US 20040121446 A1
Described herein is a composition useful for inducing expression of genes whose expression is under control of an inducible promoter sequence and methods for the compositions preparation and use.
1. A method of producing an inducing feed composition, said method comprising the steps of:
a. Mixing a first solution with a whole cellulase preparation to give a first mixture; and
b. Incubating the first mixture at a temperature and for a sufficient time to produce the inducing feed composition.
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 This application claims priority to U.S. Provisional Application No. 60/409,466, filed Sep. 10, 2002 (Attorney Docket No. GC774P), which is herein incorporated in its entirety by reference.
 Portions of this work were funded by Subcontract No. ZCO-0-30017-01 with the National Renewable Energy Laboratory under Prime Contract No. DE-AC36-99GO10337 with the U.S. Department of Energy. Accordingly, the United States Government may have certain rights in this invention.
 This invention relates to methods for improved production of proteins from a cell culture. The inventors have discovered culture components and conditions that dramatically increase the amount of protein produced from genes under the control of cellulase gene promoter sequences. The improved methods can be used for the production of proteins encoded by naturally occurring cellulase genes as well as from various heterologous constructs.
 Filamentous fungi and cellulolytic bacteria produce extracellular cellulase enzymes that confer on the organisms the ability to hydrolyze the β-(1,4)-linked glycosidic bonds of cellulose to produce glucose. These enzymes provide the organisms with the ability to use cellulose, the most abundant plant polysaccharide, for growth.
 The filamentous fungus, Trichoderma reesei, is an efficient producer of cellulase enzymes. As such Trichoderma reesei has been exploited for its ability to produce these enzymes, which are valuable in the production of such commodities as fuel ethanol, clothing, detergents, fibers and other products.
 The cellulolytic mix of Trichoderma reesei proteins is among the best characterized cellulolytic pathways of microorganisms. The cellulases that comprise these mixes are classified into two broad categories: the endoglucanases (EG) and the cellobiohydrolases (CBH). β-glucosidase is also part of the cellulase mix of Trichoderma reesei.
Trichoderma reesei has also been exploited for its ability to produce heterologous proteins. Genes encoding a desired protein can be regulated when they are operably linked to the inducible cbh1 promoter of T. reesei. Foreign polypeptides have been secreted in Trichoderma reesei as fusions with the catalytic domain plus linker region of cbh1 (Nyyssonen et al., Bio/technology 11:591-595, 1993).
 Expression of the genes comprising the cellulase system is coordinate and regulated at the transcriptional level. The members of this system act synergistically, and as noted above, are necessary for the efficient hydrolysis of cellulose to soluble oligosaccharides.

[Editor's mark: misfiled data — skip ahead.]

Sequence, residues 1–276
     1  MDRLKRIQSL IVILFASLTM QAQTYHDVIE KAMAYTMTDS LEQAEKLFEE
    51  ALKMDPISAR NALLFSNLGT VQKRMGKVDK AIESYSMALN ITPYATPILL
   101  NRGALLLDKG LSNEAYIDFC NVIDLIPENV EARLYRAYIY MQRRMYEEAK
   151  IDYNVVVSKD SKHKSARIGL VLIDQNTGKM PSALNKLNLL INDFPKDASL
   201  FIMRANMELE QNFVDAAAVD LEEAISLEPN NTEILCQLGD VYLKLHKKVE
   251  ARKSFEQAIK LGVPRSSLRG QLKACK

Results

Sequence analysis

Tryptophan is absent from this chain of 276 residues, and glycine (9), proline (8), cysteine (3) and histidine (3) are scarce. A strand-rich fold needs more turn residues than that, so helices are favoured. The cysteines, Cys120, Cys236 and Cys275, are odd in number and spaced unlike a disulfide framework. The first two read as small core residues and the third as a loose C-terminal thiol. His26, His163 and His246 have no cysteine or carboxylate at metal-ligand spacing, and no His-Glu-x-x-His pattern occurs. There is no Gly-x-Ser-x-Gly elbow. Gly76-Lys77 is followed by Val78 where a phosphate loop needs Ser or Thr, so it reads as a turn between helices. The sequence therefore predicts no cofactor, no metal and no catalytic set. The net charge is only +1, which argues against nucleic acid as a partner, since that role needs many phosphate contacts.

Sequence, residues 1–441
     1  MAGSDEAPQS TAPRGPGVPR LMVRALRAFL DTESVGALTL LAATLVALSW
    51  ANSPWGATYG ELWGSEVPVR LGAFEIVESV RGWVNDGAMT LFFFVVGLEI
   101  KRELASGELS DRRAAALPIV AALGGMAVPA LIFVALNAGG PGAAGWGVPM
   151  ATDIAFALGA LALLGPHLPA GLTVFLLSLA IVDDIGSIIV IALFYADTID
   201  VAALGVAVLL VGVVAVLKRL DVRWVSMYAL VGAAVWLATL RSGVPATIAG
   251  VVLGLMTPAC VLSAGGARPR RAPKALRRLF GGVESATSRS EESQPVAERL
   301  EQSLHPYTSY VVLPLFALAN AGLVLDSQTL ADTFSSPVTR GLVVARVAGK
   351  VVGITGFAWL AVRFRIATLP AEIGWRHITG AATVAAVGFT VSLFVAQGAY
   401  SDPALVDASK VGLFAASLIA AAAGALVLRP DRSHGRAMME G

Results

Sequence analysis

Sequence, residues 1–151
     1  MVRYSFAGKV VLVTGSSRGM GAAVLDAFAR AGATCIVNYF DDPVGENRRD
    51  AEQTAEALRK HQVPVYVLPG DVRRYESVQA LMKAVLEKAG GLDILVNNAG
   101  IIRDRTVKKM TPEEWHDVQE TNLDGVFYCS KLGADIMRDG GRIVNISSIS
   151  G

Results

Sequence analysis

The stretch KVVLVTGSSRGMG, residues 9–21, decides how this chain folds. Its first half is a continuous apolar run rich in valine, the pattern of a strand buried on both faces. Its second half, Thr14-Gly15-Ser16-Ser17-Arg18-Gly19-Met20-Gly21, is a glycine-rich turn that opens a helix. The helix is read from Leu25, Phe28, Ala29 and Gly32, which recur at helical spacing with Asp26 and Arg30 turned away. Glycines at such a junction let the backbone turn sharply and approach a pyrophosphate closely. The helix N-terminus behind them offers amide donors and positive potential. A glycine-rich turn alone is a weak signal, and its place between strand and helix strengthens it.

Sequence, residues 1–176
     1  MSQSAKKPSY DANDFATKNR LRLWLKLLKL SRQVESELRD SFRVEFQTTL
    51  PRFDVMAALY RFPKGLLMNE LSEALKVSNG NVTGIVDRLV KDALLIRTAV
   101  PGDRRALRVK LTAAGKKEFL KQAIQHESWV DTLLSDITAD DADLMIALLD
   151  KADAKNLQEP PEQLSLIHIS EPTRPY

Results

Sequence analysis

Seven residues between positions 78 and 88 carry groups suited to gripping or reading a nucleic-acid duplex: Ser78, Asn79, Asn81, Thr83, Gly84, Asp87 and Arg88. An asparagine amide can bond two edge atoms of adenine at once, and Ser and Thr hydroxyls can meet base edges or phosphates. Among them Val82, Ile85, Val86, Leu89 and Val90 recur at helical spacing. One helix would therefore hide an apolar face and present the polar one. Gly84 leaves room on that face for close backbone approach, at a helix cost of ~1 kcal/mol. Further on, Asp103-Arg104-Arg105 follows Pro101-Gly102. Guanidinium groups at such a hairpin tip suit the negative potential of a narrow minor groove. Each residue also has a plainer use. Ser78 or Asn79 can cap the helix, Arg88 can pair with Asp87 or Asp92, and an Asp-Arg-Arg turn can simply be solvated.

Expression and production of the main cellulase genes in Trichoderma, cbh1, cbh2, eg11, and eg12, is dependent on the carbon source available for growth. The cellulase genes are tightly repressed by glucose and are induced several thousand fold by cellulose or the disaccharide sophorose. Indeed, the expression level of the major cellobiohydrolase 1 (cbh1) is up-regulated several thousand fold on media containing inducing carbon sources such as cellulose or sophorose compared with glucose containing media (lmen et al., App. Environ. Microbio., 1298-1306, 1997).
 Commercial scale production of cellulase enzymes is by either solid or submerged culture including batch, fed batch, and continuous flow processes. The most problematic and expensive aspect of industrial cellulase production is providing the appropriate inducer to Trichoderma. As is the case for laboratory scale experiments, cellulase production on a commercial scale is induced by growing the fungus on solid cellulose or by culturing the organism in the presence of a disaccharide inducer such as lactose. Unfortunately on an industrial scale, both methods of induction have drawbacks which result in high costs being associated with cellulase production.
 Cellulase synthesis is subject to both cellulose induction and glucose repression. Thus, a critical factor influencing the yield of cellulase enzymes or heterologous proteins under the control of an inducible promoter is the maintenance of a proper balance between cellulose substrate and glucose concentration; it is critical for obtaining reasonable commercial yields of the regulated gene product. Although cellulose is an effective and inexpensive inducer, controlling the glucose concentration when Trichoderna is grown on solid cellulose can be problematic. At low concentrations of cellulose, glucose production may be too slow to meet the metabolic needs of active cell growth and function. On the other hand, cellulase synthesis can be halted by glucose repression when glucose generation is faster than consumption. Thus, expensive process control schemes are required to provide slow substrate addition and monitoring of glucose concentration (Ju and Afolabi, Biotechnol. Prog., 91-97, 1999). Moreover, the slow continuous delivery of substrate can be difficult to achieve as a result of the solid nature of the cellulosic materials.
 Allen and Mortensen (Biotechnol. Bioeng., 2641-45,1981) have shown that 200 IU/ml of purified β-glucosidase from Aspergillus phoenicis when incubated with a 50% glucose syrup produces a solution with the ability to induce cellulase production when used as a carbon source. Purification of the β-glucosidase is both time-consuming and expensive. In addition, these authors used more than 20× the β-glucosidase loading compared to that used in this current work.